#76 by "Brandon 'GreenMarine' Reinhart"
2000-04-27 00:09:57
I would prefer to play Imperium Galactica II multiplayer over Mankind.  The bottom line is that Mankind is a crappy game rife with bugs.

I don't think its rife with bugs because the idea is flawed, but because it was rushed to market (and maybe because of the developer's ability, but we probably shouldn't go there.  That one always comes back to bite you on the ass. :)
#77 by "Bad_CRC"
2000-04-27 00:13:14
<i>Mankind is made up of two words,
<b>'mank'</b> and <b>'ind'</b>
What do these words mean?
It's a mystery.  and that's why so is mankind.</i>

<b>LOSE... LOSE... LOSE</b>
#78 by "Darkseid-[D!]"
2000-04-27 00:14:25
Uhm Brandon, Dune the original wargame didnt have decay.

What it DID have was encroaching damage _IF_ you hadnt built on pre-layed concrete slabs.

a nuance, but an important one.

Shame Dune 2000 was such a fucking travesty of a game.

#79 by "Morn"
2000-04-27 00:16:37
Bad_CRC: <i>'LOSE... LOSE... LOSE'</i>

NO! The ghost of PlanetCrap 2.0 has returned to haunt us! Aaaaaaah!

- Morn
#80 by "Seth Krieg"
2000-04-27 00:16:51
Pishaw morn :)

You should know better by now not to buy a game by reading the package.

People want your money. If it were legal to kill people and take their money, I have no doubt that publishers (and some developers) would. I know you know this.

It's immoral.
It's injustice.
It's wrong.
It's capitalism.

I hope whoever made the game is getting a good laugh out of this. Maybe Richard Garriot and Cryo should team up for <b>Mankind X Online</b> (followed shortly after by the less painful <b>Mankind X Online: The KY edition</b>

New paragraph; does anyone know the status of that old people vs Origin lawsuit?
#81 by "Seth Krieg"
2000-04-27 00:22:59
err, could've phrased that better. How about something like, that old civil suit of customers vs Origin.
#82 by "Morn"
2000-04-27 00:27:47
Seth, yeah, as I've stated many times before I'm not a big fan of bringing all this gaming crap to court, as I believe gamers should really do some research before spending money on a game (just like with everything else). It's made easier today by such wonderful sites like <a href="">Deja</a> and, of course, the Crap. :-)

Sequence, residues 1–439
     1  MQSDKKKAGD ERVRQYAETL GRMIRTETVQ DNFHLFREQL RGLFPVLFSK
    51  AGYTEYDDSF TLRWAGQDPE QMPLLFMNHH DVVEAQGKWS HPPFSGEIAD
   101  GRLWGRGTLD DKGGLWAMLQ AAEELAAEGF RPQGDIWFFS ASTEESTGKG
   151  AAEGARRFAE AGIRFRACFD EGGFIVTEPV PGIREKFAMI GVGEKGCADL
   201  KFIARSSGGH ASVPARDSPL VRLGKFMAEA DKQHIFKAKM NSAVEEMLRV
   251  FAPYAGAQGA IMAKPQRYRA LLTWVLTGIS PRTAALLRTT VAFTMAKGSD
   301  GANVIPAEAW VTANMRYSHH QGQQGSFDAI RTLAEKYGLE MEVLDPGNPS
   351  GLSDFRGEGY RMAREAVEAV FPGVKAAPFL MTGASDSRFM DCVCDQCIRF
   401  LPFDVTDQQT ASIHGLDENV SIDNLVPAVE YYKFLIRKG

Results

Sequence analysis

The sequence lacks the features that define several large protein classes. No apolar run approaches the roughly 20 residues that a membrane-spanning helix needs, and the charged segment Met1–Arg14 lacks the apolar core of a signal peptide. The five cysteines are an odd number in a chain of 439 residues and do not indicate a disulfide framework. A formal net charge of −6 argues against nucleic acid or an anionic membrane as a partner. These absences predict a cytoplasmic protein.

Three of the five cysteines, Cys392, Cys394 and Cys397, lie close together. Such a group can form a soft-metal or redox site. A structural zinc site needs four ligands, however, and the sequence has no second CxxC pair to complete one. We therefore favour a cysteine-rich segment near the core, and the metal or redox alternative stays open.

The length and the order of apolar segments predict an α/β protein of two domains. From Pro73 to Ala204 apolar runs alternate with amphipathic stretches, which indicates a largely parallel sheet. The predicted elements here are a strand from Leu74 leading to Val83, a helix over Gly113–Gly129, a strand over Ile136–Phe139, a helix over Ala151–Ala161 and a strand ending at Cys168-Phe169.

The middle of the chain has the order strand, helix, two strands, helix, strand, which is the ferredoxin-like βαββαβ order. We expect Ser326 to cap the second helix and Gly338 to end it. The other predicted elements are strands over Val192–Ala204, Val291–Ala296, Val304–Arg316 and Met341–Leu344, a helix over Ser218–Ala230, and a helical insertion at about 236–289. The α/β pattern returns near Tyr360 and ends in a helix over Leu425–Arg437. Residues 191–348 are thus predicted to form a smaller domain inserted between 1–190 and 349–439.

However, I believe that what's happening with Mankind is simply so incredibly ridiculous that whoever's fault it is should be hanged in a public place, or play Ultima IX on the minimum required system for 10 hours with no break.

Excuse my choice of words, but the Mankind license agreement reads like a fucking joke. Why did they even bother to include the CD? A license agreement like this for a game like that isn't even annoying, but probably not even valid.

And what's even worse is that they're getting away with it, because they have a large fanbase willing to defend a behaviour like that.


- Morn
#83 by "kegie"
2000-04-27 00:50:31
Hi everyone,
I just wanted to point out that there's a huge well of ideas on how to solve the "powerful old player makes gameplay impossible for newbie" available in the form of MUD's ;)

I think that having an active administration, some restrictions on PvP (like for example killing someone of lesser worth means loosing some worth) and enough things to do besides killing newbies should do a lot to keep things playable and enjoyable for most...
#84 by "Sparhawk"
2000-04-27 01:07:26
dammit morn, you got my hopes up thinking we're all gonna die

#85 by "Brandon 'GreenMarine' Reinhart"
2000-04-27 01:54:33
Darkseid, I'm 99.9% sure that Wind Traps would decay with time.  Even if they didn't, the idea is a good one.
#86 by "Flamethrower"
2000-04-27 02:38:23
That licence is a joke. Computer games are normaly sold expecting to be working finished products, not development beta versions.